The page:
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User Experience is a practice which has historic roots in multiple other disciplines, uniting and combining them to provide something new. What are the building blocks of UX and what role do they contribute to the whole?

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marked as duplicate by Charles Wesley, 3nafish, greenforest, Matt Obee, JonW Oct 31 '13 at 16:27

This question has been asked before and already has an answer. If those answers do not fully address your question, please ask a new question.

    
Hi @Ana. Welcome to the site! There are several earlier questions that may answer what you're asking: (1) UX Responsibilities, (2) What is the difference between web design, interaction design, user experience design, and user interface design?, (3) What is User Experience (UX)?. –  3nafish Oct 30 '13 at 22:50
    
I nominate the question for re-opening. @Michael's answer gives a valuable perspective on this topic not captured in the other similar questions. I've made a slight edit to this question's phrasing to aim it more clearly to the approach in his answer (looking at the fields UX historically stems from rather than the fields which have developed as components of UX). –  3nafish Nov 5 '13 at 1:12
    
I agree: the HISTORY of UX is quite an interesting topic which I've never seen dealt with in a book: one of the early events in UX is the invention of the mouse by Douglas Engelbart in the early 60s - as you can't have a graphical interface without some way of interacting with it ! (rather than the 'command line and keyboard model') en.wikipedia.org/wiki/Mouse_%28computing%29 –  PhillipW Nov 5 '13 at 9:17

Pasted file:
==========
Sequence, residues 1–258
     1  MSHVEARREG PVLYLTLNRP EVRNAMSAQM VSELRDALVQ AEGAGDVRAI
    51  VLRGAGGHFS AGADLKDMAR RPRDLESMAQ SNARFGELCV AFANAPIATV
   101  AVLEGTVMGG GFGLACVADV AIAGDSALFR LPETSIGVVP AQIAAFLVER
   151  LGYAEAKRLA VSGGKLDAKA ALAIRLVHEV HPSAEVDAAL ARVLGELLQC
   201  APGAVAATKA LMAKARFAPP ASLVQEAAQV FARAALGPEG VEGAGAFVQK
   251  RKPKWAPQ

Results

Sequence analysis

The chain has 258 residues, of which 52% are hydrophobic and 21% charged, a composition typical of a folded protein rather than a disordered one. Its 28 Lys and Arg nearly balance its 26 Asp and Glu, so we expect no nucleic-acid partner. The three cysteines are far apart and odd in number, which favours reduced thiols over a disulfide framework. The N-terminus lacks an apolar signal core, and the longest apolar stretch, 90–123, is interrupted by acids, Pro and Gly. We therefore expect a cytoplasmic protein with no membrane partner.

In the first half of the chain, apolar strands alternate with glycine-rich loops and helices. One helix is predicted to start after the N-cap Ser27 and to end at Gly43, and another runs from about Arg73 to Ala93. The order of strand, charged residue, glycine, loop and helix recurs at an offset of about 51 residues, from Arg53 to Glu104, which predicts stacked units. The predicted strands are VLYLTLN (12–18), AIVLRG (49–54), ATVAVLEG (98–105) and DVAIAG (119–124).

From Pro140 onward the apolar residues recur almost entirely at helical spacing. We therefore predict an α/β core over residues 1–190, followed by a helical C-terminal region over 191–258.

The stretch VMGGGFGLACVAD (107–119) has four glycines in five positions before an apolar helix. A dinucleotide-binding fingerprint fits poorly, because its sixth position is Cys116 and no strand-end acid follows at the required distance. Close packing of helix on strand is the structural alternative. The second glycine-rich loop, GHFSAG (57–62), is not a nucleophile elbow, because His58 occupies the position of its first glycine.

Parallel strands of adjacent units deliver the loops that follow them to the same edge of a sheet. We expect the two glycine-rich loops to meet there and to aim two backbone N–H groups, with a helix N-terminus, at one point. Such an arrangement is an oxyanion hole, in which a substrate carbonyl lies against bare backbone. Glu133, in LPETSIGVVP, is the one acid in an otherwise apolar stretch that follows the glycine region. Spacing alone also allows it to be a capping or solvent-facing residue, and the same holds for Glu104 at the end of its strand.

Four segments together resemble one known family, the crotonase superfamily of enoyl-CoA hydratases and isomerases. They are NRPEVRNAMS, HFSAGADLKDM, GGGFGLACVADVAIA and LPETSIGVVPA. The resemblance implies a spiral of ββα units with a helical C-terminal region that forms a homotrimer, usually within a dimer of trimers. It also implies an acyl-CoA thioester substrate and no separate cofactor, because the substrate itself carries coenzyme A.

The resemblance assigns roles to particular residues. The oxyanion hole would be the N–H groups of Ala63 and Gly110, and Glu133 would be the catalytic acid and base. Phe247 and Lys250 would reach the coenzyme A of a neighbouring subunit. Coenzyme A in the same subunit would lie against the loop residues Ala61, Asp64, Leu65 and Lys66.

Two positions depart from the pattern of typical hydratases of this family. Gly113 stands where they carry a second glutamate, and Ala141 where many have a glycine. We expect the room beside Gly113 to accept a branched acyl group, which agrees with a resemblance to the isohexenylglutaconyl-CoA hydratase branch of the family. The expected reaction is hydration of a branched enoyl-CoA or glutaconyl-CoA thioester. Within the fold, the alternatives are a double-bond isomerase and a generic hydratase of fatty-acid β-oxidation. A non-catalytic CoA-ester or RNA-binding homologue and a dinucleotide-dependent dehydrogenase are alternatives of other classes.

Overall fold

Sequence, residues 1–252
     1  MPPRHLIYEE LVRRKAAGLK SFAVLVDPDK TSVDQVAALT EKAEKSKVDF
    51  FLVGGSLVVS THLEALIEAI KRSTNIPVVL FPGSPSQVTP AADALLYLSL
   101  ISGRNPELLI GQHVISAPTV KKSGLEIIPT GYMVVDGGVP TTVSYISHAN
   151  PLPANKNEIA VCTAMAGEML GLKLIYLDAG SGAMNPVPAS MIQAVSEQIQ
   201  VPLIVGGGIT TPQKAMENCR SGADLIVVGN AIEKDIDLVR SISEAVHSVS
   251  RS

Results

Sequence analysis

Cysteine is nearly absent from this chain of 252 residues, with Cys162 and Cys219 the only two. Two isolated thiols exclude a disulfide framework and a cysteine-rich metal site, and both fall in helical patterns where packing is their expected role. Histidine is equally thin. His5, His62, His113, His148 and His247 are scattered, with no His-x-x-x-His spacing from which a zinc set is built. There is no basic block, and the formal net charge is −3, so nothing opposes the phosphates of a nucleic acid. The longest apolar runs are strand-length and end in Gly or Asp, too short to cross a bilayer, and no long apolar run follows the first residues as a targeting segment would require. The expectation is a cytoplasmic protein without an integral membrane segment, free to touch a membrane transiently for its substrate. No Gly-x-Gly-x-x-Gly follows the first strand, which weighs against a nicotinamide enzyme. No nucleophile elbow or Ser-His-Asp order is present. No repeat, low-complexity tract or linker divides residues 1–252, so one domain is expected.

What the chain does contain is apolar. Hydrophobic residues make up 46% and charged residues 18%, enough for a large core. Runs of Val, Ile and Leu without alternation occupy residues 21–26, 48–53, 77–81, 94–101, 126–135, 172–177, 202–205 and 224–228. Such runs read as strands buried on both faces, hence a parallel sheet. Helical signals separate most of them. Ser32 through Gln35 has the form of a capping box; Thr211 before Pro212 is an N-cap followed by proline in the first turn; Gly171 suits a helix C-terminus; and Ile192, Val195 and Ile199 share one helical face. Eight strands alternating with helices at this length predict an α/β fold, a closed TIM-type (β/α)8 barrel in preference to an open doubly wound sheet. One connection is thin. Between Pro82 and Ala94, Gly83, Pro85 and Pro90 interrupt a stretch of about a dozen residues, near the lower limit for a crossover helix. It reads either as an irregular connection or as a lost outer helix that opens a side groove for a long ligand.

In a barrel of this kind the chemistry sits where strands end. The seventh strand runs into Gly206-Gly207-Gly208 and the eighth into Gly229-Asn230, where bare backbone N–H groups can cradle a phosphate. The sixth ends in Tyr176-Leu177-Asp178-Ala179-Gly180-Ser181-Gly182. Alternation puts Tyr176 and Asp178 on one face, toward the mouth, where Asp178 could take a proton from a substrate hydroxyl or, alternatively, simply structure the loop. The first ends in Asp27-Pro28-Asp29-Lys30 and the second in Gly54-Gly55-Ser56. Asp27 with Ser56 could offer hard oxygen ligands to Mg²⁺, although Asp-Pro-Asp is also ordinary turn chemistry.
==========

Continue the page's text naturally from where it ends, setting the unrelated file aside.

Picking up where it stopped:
1 Answer 1

The comment by 3nafish points to answers of what UX is, but it sounds like you’re particularly interested in where UX comes from. The parent disciplines of UX can be revealed by the academic background of the practitioners. In UXMatters 2010 reader survey, that background was primarily:

  • Computer science, especially human-computer interaction.

  • Graphic design.

  • Cognitive psychology.

  • Library science.

  • Technical communication.

The parent disciplines reflect the fact that UX work is concentrated in web site and software user interface design (despite our grander ambitions). UXers are primarily concerned with effectively conveying information, as text and images, to a user through web pages and mobile apps. Computer science gives UXers the technical know-how for such media. Graphic design teaches the use of colors, lines, shapes, layouts, and font to effectively present information. Cognitive psychology provides insight into how users process information, and also contributed the experimental methodology that inspires usability testing. Library science teaches how to organize information for findability. Technical communication teaches how to write understandable content.

UXers are also concerned with eliciting an emotional response in our users, on which graphic design instructs, in addition to how to effectively convey information. Strangely, we don’t draw much from creative writing, social/personality psychology, or marketing, which would also instruct us in that area.

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